Carbon emissions are released every time fossil fuels are burned or greenhouses gasses are released into the atmosphere, the effect of which contributes to global warming.
Fossil fuels are also burnt at various stages in the process of creating food, products and services for our consumption, as well as direct emissions such as the amount of energy used to heat/cool our homes, the amount of fuel used in our cars, and the number of air flights we take. The total carbon which we as individuals are responsible for is called our carbon footprint.
A variety of carbon footprint calculators are available on the web and each is slightly different. Some focus only on direct consumption of fossil fuels (for example, gasoline for transportation and home heating/cooling) while others try to factor in all aspects of living including percentage of organic and local food consumed, water conservation techniques, size of your home, how many people live in your home, if you practice recycling, and if you use renewable energy.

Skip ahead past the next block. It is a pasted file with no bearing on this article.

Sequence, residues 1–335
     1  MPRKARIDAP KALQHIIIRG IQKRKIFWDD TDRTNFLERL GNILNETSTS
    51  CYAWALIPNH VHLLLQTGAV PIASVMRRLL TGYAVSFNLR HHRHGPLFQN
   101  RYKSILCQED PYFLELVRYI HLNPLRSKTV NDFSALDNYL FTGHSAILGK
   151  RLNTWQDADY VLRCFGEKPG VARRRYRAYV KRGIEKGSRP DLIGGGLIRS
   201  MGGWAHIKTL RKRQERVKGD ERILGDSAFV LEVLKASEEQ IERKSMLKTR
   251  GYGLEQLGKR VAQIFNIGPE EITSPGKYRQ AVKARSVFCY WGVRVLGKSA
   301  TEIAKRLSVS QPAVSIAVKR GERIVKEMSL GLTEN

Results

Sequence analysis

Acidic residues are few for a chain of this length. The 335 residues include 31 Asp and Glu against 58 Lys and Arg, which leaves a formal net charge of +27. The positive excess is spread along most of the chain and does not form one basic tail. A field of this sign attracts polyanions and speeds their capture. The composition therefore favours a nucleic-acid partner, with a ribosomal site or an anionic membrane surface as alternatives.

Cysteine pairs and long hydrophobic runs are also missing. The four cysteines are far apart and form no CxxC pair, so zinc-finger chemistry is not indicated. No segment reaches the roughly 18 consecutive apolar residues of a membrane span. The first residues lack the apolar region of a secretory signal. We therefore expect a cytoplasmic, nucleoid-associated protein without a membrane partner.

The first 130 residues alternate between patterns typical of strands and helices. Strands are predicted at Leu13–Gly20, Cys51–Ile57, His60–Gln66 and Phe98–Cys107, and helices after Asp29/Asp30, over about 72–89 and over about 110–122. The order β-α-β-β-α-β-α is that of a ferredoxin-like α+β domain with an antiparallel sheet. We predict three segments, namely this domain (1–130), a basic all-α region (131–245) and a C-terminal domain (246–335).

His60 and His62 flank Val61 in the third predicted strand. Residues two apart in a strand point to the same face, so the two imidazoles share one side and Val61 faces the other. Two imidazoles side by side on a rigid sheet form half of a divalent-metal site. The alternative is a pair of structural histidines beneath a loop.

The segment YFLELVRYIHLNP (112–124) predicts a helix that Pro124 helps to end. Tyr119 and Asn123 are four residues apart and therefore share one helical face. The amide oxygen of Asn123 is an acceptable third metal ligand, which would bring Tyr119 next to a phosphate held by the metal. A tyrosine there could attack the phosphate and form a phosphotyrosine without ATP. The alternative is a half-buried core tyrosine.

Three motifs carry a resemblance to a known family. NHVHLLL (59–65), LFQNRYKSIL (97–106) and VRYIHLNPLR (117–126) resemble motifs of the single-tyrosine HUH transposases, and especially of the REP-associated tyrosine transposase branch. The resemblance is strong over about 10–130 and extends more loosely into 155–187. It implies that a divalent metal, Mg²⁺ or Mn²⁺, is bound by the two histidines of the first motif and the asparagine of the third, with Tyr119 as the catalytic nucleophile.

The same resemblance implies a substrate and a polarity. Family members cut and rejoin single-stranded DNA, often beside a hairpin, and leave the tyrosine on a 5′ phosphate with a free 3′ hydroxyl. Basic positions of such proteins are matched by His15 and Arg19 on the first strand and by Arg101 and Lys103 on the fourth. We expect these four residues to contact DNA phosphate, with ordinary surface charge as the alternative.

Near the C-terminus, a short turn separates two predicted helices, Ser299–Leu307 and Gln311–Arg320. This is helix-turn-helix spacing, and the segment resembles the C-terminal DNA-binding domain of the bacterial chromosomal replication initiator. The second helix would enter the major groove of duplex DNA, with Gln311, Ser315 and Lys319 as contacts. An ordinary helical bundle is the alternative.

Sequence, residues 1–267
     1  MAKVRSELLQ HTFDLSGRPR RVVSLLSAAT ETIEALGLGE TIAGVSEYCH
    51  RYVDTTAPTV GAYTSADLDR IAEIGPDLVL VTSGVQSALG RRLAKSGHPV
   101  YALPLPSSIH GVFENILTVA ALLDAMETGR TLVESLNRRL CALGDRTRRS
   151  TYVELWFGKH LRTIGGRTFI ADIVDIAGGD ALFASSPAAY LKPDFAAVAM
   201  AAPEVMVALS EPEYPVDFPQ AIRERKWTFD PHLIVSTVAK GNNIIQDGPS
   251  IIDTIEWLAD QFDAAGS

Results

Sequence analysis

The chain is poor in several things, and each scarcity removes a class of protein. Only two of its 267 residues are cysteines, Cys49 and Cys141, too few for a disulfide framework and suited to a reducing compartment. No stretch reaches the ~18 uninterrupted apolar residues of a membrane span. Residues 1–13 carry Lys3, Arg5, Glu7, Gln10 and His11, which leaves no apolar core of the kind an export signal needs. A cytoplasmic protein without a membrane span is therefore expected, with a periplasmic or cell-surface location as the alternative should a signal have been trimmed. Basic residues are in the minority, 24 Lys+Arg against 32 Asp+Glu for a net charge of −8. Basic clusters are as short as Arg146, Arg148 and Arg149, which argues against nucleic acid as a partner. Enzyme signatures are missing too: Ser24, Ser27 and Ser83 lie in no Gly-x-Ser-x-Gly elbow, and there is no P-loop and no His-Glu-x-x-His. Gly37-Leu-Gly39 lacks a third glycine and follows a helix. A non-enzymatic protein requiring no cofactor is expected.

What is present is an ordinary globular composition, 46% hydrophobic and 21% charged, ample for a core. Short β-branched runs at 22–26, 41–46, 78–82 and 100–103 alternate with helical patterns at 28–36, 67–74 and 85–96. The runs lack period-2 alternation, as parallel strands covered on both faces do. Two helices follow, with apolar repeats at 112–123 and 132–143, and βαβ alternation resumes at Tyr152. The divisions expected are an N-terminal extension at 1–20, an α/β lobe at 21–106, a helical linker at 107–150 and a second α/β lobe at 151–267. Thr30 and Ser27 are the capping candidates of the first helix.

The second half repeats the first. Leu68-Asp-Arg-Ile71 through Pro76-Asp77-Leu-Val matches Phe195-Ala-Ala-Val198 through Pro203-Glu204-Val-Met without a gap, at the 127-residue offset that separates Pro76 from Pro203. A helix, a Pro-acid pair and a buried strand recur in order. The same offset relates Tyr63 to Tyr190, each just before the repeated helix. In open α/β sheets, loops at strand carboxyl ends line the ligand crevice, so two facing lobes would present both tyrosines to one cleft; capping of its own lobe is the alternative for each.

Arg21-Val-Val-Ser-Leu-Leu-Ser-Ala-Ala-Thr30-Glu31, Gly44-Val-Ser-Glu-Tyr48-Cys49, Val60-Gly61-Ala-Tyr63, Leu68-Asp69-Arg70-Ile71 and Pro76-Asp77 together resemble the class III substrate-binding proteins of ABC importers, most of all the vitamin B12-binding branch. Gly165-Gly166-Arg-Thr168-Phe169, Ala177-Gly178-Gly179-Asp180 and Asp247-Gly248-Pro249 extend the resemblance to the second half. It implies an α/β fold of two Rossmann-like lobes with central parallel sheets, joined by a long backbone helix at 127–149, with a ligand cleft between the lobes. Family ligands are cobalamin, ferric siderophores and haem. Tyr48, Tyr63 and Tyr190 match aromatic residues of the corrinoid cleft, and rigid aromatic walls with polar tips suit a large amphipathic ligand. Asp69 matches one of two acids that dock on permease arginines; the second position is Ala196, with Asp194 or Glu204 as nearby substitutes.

Of the carbon footprint calculators that I tried, the EPA’s is one of the more comprehensive and one of the easiest to use. Although it does not account for individual air travel it is free and will give you a rough idea of what your annual carbon emissions are compared to the rest of the United States. According to the EPA, the average carbon emissions per person in the United States are about 20,750 pounds per year and much of this is directly related to reliance on automobile transportation and the energy efficiency of automobiles.
But for those who want something more precise and a way to track progress on reducing the carbon footprint, Carbon Account (www. thecarbonaccount.com) asks you to enter specific meter readings including your daily car mileage, details of any flights you take, and specific amount of electricity or natural gas that is used in your home.
Similarly, CO2list.org allows you to download an Excel spreadsheet that will help you track your daily carbon emissions. This is the most comprehensive calculator that I found and it has the added bonus that you do not need to be connected to the internet (once it is downloaded) to use it. This carbon footprint calculator uses metered data on the amount of fuel used, the efficiency of your vehicle, the number of people living in the home (and allows for the fluctuation of residents), and approximates a carbon impact based on your general spending habits.
Regardless of the carbon footprint calculator used, most of them try to assess your impact based on the same type of data. The most important variables relate to energy efficiency of transportation and of your home.